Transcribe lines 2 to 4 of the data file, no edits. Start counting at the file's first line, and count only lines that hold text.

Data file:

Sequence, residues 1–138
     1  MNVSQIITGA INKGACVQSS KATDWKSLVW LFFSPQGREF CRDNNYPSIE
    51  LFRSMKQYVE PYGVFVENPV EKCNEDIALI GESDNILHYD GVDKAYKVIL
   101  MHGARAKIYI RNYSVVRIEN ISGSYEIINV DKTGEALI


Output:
     1  MNVSQIITGA INKGACVQSS KATDWKSLVW LFFSPQGREF CRDNNYPSIE
    51  LFRSMKQYVE PYGVFVENPV EKCNEDIALI GESDNILHYD GVDKAYKVIL
   101  MHGARAKIYI RNYSVVRIEN ISGSYEIINV DKTGEALI